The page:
Vulnerability Analysis in Web Application using Burp Scanner

Hello friends! Today we are going to use Burp Suite Scanner which is used for website security testing to identify certain vulnerability inside it. It is the first phase for web penetration testing for every security tester.

Burp Scanner is a tool for automatically finding security vulnerabilities in web applications. It is designed to be used by security testers and to fit in closely with your existing techniques and methodologies for performing manual and semi-automated penetration tests of web applications.

Let’s Start with burp proxy in order to intercept request between browser and website. From the screenshot, you can perceive that we have forwarded the intercepted data for “an active scan”.

 Note: Always configure your browser proxy while making use of burp suite to intercept the request.

Through a window alert it will ask to confirm your action for the active scan; press YES to begin the active scan on targeted website.

Issue Activity

The issue activity tab contains a sequential record of the Scanner’s activity in finding new issues and updating existing issues. This is useful for various purposes:

  • An index number for the item, reflecting the order in which items were added.
  • The time that the activity occurred.
  • The action that was performed.
  • The issue type.
  • The host and URL path for the issue.
  • The insertion point for the issue, where applicable.
  • The severity and confidence of the issue.

From the screenshot you can observe that it highlighted 8 types of issues found inside website from scanning result as following:

  1. Cross-site scripting (reflected)
  2. Flash cross-domain policy
  3. SQL injection
  4. Unencrypted communications
  5. Cross-domain Referer leakage
  6. Email addresses disclosed
  7. Frameable response (potential Clickjacking)
  8. Path-relative style sheet import

Active Scan Queue

Active scanning typically involves sending large numbers of requests to the server for each base request that is scanned, and this can be a time-consuming process. When you send requests for active scanning, these are added to the active scan queue, in which they are processed in turn.

  • An index number for the item, reflecting the order in which items were added.
  • The destination protocol, host and URL.
  • The current status of the item, including percentage complete.
  • The number of scan issues identified for the item.
  • The number of requests made while scanning the item.
  • The number of network errors
  • The number of insertion points created for the item.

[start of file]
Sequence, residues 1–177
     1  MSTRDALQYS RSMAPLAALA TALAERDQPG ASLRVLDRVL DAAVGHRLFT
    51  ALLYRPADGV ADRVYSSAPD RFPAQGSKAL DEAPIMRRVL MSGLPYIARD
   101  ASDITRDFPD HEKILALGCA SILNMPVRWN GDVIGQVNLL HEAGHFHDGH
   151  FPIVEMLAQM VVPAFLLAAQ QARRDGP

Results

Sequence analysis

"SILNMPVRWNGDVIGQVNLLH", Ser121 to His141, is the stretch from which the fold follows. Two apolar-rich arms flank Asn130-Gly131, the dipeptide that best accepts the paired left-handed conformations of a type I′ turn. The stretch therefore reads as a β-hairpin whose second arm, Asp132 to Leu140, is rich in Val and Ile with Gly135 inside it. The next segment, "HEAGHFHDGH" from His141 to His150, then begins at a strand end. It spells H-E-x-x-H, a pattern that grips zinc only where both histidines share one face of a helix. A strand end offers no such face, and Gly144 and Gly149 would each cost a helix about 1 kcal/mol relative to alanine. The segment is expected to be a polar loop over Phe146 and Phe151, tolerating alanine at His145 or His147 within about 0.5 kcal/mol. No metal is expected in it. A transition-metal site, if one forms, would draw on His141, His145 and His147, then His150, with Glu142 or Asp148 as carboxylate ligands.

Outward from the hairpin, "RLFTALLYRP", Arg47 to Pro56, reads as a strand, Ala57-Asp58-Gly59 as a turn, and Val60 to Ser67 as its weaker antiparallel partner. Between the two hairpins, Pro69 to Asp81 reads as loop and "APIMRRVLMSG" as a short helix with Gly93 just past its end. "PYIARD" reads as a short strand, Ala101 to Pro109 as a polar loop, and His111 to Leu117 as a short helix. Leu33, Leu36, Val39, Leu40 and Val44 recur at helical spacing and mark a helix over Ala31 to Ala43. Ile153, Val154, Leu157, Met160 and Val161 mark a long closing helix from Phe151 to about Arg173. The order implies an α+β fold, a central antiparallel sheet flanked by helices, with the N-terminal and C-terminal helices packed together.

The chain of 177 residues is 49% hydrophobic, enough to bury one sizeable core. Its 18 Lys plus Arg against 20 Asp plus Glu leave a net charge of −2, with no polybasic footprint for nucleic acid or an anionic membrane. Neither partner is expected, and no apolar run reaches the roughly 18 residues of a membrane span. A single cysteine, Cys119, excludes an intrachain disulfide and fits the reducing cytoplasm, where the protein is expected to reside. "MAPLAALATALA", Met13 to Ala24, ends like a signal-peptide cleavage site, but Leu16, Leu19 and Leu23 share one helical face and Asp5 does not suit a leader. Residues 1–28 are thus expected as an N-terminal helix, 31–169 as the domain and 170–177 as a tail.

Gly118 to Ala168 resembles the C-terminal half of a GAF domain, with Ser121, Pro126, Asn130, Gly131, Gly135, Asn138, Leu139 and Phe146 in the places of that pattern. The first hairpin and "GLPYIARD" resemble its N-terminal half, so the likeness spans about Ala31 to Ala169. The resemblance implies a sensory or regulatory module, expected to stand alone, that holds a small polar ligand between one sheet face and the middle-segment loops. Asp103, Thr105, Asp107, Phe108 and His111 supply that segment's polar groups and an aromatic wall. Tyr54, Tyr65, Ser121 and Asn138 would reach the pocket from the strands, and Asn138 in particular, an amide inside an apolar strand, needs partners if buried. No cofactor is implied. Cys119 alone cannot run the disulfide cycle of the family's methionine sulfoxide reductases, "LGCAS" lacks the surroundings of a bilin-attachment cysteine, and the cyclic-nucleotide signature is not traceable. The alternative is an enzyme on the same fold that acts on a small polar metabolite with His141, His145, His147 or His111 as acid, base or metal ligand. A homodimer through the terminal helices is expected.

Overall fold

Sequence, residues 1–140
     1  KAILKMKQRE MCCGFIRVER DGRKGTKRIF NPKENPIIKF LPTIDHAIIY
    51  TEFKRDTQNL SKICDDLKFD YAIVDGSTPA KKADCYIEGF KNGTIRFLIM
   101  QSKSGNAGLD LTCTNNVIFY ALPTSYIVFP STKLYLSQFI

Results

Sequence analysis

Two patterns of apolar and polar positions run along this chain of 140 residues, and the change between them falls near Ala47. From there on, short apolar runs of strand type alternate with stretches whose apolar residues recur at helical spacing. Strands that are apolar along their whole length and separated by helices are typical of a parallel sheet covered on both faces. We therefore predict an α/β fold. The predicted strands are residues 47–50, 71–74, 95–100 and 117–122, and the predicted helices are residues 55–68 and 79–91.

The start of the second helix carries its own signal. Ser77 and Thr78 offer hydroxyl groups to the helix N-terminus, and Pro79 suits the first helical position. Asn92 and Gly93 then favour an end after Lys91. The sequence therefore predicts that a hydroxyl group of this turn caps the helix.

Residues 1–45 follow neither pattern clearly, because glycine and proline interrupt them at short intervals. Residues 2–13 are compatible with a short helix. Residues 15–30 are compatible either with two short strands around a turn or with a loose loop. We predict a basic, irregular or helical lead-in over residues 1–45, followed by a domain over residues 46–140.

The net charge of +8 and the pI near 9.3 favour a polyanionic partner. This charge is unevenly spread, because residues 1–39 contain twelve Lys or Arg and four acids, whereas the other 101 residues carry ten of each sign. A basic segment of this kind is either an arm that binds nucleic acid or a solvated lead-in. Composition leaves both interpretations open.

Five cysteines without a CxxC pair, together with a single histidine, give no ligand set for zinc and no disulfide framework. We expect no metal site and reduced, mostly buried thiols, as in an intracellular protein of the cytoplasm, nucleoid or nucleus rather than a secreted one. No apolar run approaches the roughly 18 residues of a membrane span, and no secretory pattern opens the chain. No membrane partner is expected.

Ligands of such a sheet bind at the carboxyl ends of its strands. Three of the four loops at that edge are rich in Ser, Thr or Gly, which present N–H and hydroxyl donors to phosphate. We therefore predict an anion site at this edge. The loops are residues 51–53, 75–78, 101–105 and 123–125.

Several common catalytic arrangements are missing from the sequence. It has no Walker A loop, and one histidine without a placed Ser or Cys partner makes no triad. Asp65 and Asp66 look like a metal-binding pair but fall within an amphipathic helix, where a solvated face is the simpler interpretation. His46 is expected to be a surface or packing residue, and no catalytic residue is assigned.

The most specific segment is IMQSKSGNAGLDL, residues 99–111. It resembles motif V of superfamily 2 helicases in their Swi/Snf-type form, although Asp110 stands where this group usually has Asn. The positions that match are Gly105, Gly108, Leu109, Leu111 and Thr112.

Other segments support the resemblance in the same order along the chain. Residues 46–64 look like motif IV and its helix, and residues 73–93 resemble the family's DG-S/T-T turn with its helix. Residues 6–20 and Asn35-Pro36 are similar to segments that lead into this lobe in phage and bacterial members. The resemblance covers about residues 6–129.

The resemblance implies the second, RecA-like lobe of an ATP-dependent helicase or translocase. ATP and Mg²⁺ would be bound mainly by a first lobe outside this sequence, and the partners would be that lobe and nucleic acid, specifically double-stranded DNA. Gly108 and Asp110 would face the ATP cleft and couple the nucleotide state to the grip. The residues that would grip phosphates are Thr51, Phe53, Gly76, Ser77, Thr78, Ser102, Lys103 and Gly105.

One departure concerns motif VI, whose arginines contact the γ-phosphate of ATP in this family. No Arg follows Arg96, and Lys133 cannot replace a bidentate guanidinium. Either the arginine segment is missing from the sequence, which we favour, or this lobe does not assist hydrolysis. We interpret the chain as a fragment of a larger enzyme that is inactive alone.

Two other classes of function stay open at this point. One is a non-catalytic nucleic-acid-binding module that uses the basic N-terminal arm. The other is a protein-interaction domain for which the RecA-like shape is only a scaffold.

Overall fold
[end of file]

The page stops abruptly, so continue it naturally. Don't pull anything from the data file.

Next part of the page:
• The start and end times of the item’s scanning.

One by one we are going to demonstrate these vulnerabilities in details using request and response.

Advisory on Cross-site scripting (reflected)

It gave your brief detail of vulnerability and idea to exploit it.

Issue:   Cross-site scripting (reflected)
Severity:   High
Confidence:   Certain
Path:   /listproducts.php

The value of the cat request parameter is copied into the HTML document as plain text between tags. The payload was submitted in the cat parameter. This proof-of-concept attack demonstrates that it is possible to inject arbitrary JavaScript into the application’s response.

Inside the request tab, we will get Inject payload with intercepted data in order to receive the certain response of generated request. In the given image you can observe that it has injected JavaScript inside URL with Cat parameter

As response, we can see the injected payload get submitted inside the database. Now it will generate an alert prompt on the screen when get executed on the website.

Let’s verify it manually on the running website.

Execute following script inside URL with cat parameter, As a result, you will receive prompt 1 as an alert window.

Advisory on SQL injection

Similarly test for other vulnerability

Issue:   SQL injection
Severity:   High
Confidence:   Firm
Path:   /listproducts.php

The cat parameter appears to be vulnerable to SQL injection attacks. The payload was submitted in the cat parameter, and a database error message was returned. You should review the contents of the error message, and the application’s handling of other input, to confirm whether the vulnerability is present.

The database appears to be MySQL.

Under request tab single code () will pass with the cat parameter to break the SQL statement in order to receive database error as a response.

Under the response tab you can read the highlighted text which clearly points towards SQL vulnerability inside the database.

Advisory on Flash cross-domain policy

Issue:   Flash cross-domain policy
Severity:   High
Confidence:   Certain
Path:   /crossdomain.xml

The application publishes a Flash cross-domain policy which allows access from any domain.
Allowing access from all domains means that any domain can perform two-way interaction with this application. Unless the application consists entirely of unprotected public content, this policy is likely to present a significant security risk.

Similarly, as above it has generated the request through GET method using crossdomain.xml

It has received a successful response over its GET request, inside highlighted text you can read it has allowed accessing this site from any domain with any port number and security is set as False.

In this way, we can see how the burp suite scanner tests the security loopholes in a website.

Author: Aarti Singh is a Researcher and Technical Writer at Hacking Articles an Information Security Consultant Social Media Lover and Gadgets. Contact here

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